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Book review: ‘A New Map of Wonders’ by Caspar Henderson

Understanding the science behind awe-inspiring natural phenomena makes them no less wonderful

Sometimes it takes extreme or unusual circumstances to make ordinary things seems wonderful, never a truer word has been spoken, or alluded so perfectly to the fact that the ordinary is, in fact, quite wonderful. Last month, just as the weather was starting to turn, I was cycling into work across a fairly average field when I witnessed something truly wonderful – that is, something which filled me with wonder. The field around me, draped in early morning dew and bathed in the light from the slowing rising sun, was filled with hundreds of glittering, iridescent, cobwebs. These ordinary objects, dew drops, unsullied spider webs, and the rising run, had connected for a brief, perfect moment in time, to create a breathtakingly beautiful scene, and I stopped for a moment to bathe in the wonder that surrounded me. Each subsequent early morning’s ramble through the field thus far has been too cloudy, too dry or too warm to recreate this moment and as such in comparison, quite disappointing.

‘A New Map of Wonders: A Journey in Search of Modern Marvels’ (Granta, £20, ISBN 9781783781331), written by journalist Caspar Henderson, owes its existence to a similar experience, a time in which the heavens aligned to create a scene which momentarily struck the author with a sense of wonder. For Henderson, this was the presences of a brilliant yet mysterious pool of early morning sunlight playfully cast across his kitchen ceiling. A little investigation soon revealed the source – the slow-rising sun bouncing randomly off several reflective surfaces before streaming through the undulating branches of a nearby tree – but did nothing to take away the wonder of the moment. This experience inspired Henderson to think more closely about the nature of wonder, that elusive, mysterious reaction that, despite being so easily destroyed, imparts a sense of meaning in the eye of the beholder, and is so often a condition used in defining a life well lived.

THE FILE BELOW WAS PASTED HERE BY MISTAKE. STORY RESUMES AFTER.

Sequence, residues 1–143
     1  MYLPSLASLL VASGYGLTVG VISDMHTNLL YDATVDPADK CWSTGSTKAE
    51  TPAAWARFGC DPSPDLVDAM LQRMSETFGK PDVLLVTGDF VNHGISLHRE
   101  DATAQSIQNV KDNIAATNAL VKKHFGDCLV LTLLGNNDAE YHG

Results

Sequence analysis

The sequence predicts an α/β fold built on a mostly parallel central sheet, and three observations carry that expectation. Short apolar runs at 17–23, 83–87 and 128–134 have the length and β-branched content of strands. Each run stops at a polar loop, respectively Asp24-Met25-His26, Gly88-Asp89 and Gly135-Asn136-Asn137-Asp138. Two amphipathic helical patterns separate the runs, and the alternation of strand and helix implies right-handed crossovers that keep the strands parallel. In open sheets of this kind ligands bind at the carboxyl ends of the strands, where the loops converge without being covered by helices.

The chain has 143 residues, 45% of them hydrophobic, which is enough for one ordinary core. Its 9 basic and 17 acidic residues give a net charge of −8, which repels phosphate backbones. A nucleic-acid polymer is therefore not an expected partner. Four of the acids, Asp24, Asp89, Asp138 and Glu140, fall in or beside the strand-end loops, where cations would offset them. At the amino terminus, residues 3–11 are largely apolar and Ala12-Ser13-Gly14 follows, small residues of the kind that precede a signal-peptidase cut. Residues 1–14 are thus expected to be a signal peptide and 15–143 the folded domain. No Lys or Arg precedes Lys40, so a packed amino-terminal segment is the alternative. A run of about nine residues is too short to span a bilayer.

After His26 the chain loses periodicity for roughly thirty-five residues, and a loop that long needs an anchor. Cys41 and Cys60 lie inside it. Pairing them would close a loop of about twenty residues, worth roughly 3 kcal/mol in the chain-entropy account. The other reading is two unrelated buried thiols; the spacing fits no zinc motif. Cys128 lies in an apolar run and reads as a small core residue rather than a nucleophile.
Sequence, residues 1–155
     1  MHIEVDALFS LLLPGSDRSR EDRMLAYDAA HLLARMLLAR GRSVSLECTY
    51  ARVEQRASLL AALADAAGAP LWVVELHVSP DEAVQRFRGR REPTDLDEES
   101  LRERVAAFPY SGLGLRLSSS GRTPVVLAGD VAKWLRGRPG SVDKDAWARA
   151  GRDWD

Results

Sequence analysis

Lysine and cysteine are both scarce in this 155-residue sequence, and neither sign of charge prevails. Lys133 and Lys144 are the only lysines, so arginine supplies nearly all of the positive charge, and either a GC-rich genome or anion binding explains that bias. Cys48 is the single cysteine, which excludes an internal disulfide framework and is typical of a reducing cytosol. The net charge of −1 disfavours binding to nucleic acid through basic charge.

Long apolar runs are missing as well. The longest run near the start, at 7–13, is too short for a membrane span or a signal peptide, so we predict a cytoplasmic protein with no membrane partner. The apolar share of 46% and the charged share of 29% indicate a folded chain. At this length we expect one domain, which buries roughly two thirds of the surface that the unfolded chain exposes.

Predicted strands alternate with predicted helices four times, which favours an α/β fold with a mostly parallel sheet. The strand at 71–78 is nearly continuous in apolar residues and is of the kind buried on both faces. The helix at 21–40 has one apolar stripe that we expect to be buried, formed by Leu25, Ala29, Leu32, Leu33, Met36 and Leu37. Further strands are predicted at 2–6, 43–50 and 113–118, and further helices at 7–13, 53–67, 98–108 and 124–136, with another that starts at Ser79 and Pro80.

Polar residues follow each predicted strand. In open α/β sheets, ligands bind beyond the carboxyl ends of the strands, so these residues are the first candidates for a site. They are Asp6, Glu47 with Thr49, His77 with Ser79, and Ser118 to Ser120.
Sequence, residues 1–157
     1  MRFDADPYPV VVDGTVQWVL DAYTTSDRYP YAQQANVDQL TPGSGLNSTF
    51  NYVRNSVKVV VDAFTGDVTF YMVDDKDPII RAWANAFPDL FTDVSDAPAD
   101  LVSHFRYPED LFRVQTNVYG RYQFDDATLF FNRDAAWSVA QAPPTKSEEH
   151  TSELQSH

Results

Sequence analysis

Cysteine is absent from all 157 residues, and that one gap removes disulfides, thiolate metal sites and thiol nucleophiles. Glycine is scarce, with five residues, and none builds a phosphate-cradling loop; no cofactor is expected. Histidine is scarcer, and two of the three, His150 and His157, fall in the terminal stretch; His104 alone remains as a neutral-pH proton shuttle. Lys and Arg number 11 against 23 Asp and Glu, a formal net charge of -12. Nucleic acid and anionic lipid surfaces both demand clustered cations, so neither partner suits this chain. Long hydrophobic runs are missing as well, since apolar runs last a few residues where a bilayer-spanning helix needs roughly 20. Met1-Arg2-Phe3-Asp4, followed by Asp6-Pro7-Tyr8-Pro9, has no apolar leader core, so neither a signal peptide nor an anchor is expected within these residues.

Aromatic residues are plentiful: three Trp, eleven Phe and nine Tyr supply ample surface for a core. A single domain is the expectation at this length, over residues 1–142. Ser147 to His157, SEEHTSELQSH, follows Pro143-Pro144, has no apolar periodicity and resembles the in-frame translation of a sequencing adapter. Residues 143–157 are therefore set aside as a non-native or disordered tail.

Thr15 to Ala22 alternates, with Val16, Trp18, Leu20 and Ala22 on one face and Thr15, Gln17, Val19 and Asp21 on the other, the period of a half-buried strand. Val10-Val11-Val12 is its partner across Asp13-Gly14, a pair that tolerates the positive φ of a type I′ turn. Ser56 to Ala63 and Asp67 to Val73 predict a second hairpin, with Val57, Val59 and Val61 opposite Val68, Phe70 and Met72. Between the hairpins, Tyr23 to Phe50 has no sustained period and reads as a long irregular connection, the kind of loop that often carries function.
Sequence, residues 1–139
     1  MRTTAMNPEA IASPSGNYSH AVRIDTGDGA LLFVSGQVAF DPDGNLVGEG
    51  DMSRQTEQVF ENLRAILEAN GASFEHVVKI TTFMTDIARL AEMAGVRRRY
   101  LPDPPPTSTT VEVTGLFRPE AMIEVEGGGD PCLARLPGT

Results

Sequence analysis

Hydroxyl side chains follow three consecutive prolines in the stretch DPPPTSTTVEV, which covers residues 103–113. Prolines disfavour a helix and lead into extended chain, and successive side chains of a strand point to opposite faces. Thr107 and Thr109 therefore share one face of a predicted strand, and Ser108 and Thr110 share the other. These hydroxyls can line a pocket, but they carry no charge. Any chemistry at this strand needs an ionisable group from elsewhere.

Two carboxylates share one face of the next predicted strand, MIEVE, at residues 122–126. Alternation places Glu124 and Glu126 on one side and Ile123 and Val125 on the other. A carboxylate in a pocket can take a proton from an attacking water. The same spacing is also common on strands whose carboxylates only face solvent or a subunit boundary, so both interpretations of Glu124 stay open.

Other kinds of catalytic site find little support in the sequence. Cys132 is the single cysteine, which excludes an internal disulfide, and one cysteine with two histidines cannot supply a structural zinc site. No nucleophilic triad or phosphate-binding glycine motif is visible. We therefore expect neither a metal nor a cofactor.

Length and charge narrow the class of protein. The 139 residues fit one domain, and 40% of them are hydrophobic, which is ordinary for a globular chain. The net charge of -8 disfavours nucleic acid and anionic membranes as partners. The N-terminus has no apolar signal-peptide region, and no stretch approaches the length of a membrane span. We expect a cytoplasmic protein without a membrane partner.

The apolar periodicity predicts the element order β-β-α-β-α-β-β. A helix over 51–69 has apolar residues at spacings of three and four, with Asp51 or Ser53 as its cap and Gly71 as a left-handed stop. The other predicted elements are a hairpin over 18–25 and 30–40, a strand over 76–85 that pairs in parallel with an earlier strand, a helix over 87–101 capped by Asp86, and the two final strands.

This book is, quite literally, a ‘map of wonders’, which charts the course for a journey through all that is fascinating and awe-inspiring in the world. At the helm of the ship sits Henderson, who, despite having spent the majority of his time writing this book in his own garden shed, delves into an exploration of wonder with all the passion and wanderlust of a modern-day Christopher Columbus. Henderson plots the ordinary, before giving it an extraordinary spin, providing evidence of the innumerable wonders hidden in plain sight. From light itself comes the mind-bending concept of the speed of light, as well as light refraction, the simple beauty of dappled sunlight, such as that on the ceiling of Henderson’s kitchen, and that most precious of wonders, the rainbow. Explaining the awe-inspiring, Henderson says, does not make it any less wonderful, with full-moons, rainbows and meteor showers continuing to delight and amaze people the world over despite their well-documented scientific explanations.

The book is mapped out using the old idea of seven wonders, a plan which, Henderson says, is both familial and manageable, and explores each wonder in turn through the principle of emergence, in which the first wonder is implicated in the second and so on with light giving way to life, love and learning. Often rooted in physics, chemistry, biology, and engineering, the book draws too on philosophy, religion, culture and history and how these subjects combine and contrast to help give meaning to the world. Through this Henderson explores the origins of the universe, the behaviour of light, and the intricacies of the human body, delving into wonders past, and present, before paving the way for those yet to come with the emergence of technology, and the predication of a change in all that we consider wonderful.

‘A New Map of Wonders’ is a literary depiction life’s modern miracles; the scene is one of chaotic harmony, imparted through a voice that though playful and humorous, is always tenderly sincere. The result is a beautiful, enlightening book that is sure to inspire even the most jaded of readers to take a different look at the world around them. Any attempt to put into words the nature of wonder itself seems bound to fail, but this is, without a doubt, a glittering success. 

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